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It used to be that computers in schools were a novelty. Either for word processing or just the sake of learning how to use them, these machines experienced little implementation and were not considered essential. Yet for the lack of actual computers in the classroom, there has still been a general acceptance that technology has powerful applications in the learning process.

“The idea that technology can revolutionize education is not new,” stated The Economist in 2013. “In the 20th century almost every new invention was supposed to have big implications for schools. Companies promoting typewriters, moving pictures, film projectors, educational television, computers and CD-ROMS have all promised to improve student performance.”

But things change. Now that computers play such a fundamental role in everyday life, their significance has increased. It is easier to access information and to communicate with teachers and while there has been a struggle to get computers into classrooms due to funding issues, there is no doubt about the increased interest in and appearance of these devices in schools.

More educational facilities are finding ways to get their students more connected. Be it through much-needed financial support or an alternative way in which to distribute hardware, many schools are doing what they have to get students learning.

School district adapts to aging devices
Despite reports suggesting otherwise, the Hoboken School District in New Jersey is not axing their laptop program entirely. While facilities under this jurisdiction did at one point aim to provide a laptop for every one of their 7th and 8th graders, the initial pool of 300 machines was recently cut back to 200. While some speculated this to be the beginning of the end for the program, this was not the case.

Hoboken schools have phased out old, obsolete machines and placed the still-functioning units on rolling carts that can be moved from classroom to classroom. While, ideally, every student would have a personal machine, the unforgiving cycle of tech updates can quickly diminish the number of viable computers in a classroom at any given time. The Hoboken School District is doing what it needs to do in order to keep moving ahead.

This is just one example of how learning institutions have to adapt in the face of academic disparity. Whether schools are having their funding cut or have yet to receive any at all for technology, they seemingly have to spend more time making sure they can retain these devices than finding innovative ways in which they can be used.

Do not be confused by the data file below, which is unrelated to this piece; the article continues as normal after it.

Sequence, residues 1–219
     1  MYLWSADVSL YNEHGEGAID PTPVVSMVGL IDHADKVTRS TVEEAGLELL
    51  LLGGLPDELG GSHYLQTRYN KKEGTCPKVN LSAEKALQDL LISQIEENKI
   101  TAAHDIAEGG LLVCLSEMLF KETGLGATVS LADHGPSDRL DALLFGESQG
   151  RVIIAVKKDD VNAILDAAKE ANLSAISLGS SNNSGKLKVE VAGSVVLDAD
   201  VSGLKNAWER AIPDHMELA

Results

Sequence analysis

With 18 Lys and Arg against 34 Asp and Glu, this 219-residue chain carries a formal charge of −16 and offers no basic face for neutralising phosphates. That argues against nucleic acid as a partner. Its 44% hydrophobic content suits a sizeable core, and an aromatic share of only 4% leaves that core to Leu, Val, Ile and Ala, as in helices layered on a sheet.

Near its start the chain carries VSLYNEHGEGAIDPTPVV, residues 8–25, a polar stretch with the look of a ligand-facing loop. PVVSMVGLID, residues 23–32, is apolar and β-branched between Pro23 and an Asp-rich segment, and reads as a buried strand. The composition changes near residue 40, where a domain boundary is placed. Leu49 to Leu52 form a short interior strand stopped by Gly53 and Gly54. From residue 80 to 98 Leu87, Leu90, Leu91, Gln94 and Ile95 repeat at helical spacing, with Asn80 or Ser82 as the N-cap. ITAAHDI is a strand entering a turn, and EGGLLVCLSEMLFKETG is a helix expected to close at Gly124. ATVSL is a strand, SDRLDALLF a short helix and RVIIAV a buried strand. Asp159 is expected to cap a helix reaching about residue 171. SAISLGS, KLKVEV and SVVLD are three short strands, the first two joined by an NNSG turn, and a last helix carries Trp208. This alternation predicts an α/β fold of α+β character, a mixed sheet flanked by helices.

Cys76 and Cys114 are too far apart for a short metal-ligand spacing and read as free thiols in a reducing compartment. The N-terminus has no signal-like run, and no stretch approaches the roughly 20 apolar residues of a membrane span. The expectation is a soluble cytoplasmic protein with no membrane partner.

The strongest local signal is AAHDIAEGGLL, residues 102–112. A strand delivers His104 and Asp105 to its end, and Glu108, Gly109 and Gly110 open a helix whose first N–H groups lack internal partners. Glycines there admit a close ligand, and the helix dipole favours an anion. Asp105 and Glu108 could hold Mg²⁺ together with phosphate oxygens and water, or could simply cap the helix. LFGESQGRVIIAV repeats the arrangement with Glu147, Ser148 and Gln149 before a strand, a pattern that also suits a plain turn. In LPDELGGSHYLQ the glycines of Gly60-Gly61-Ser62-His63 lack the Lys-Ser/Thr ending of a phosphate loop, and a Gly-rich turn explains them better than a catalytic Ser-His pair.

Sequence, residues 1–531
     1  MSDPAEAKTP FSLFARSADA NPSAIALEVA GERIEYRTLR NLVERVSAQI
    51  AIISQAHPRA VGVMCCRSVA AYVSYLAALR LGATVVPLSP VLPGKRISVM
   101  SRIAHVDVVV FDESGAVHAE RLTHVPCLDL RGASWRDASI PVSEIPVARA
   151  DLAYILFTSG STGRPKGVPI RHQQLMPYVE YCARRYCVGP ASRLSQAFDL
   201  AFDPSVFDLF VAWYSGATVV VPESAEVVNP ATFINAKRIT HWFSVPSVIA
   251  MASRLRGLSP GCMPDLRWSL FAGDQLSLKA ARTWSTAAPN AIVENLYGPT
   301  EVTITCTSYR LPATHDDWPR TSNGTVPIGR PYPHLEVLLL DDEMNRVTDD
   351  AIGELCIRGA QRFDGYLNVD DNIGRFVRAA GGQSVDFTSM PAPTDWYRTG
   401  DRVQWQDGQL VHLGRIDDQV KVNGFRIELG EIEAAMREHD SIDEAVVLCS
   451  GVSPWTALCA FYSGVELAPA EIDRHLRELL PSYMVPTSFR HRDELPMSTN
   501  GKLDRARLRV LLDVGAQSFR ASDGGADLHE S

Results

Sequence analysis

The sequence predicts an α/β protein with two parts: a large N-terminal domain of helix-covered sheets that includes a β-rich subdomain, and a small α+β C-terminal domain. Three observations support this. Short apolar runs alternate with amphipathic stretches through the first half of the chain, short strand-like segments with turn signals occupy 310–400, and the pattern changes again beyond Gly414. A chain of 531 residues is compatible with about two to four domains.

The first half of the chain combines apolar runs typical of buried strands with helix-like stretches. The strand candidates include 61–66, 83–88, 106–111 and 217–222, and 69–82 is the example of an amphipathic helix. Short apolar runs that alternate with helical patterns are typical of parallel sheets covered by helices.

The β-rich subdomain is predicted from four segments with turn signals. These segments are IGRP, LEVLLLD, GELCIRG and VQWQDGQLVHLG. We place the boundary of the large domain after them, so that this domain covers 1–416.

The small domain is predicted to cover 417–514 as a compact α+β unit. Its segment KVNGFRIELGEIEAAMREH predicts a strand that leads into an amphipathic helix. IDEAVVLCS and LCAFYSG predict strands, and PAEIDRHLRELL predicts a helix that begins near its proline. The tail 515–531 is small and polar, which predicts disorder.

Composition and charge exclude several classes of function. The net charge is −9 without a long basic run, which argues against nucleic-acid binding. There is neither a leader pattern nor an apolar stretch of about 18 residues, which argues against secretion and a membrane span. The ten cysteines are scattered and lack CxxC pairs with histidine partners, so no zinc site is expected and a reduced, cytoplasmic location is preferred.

Naysayers may have negative impact on funding
While there are countless people out there who support educational technology, one of the main reasons that implementations are so far behind – or failing – is because there are still those who do not see their merit. While it is true that computers hold untold possibilities for time-wasting, they are also incredibly valuable assets that are becoming essential to the learning process. Additionally, they can be outfitted with software that allows teachers to guide students in productive ways.

By using tools like application whitelisting and classroom monitoring software, as well as other programs offered by Faronics, computers can become portals for learning that are free of distractions. As long as these kinds of assets are in place, there is nothing stopping PCs and laptops from doing what they are intended to be used for. But in order for this to happen, there has to be a greater push from legislative bodies to finance educational technology, and that might involve convincing naysayers of what students can accomplish on computers.

About The Author

Suzannah Hastings

Suzannah is interested in all things digital, from software security to the latest technological advances. She writes about ways in which the increasingly internet-driven landscape and windows technologies like steady state alternative that change our lives, and what we can expect in the future.

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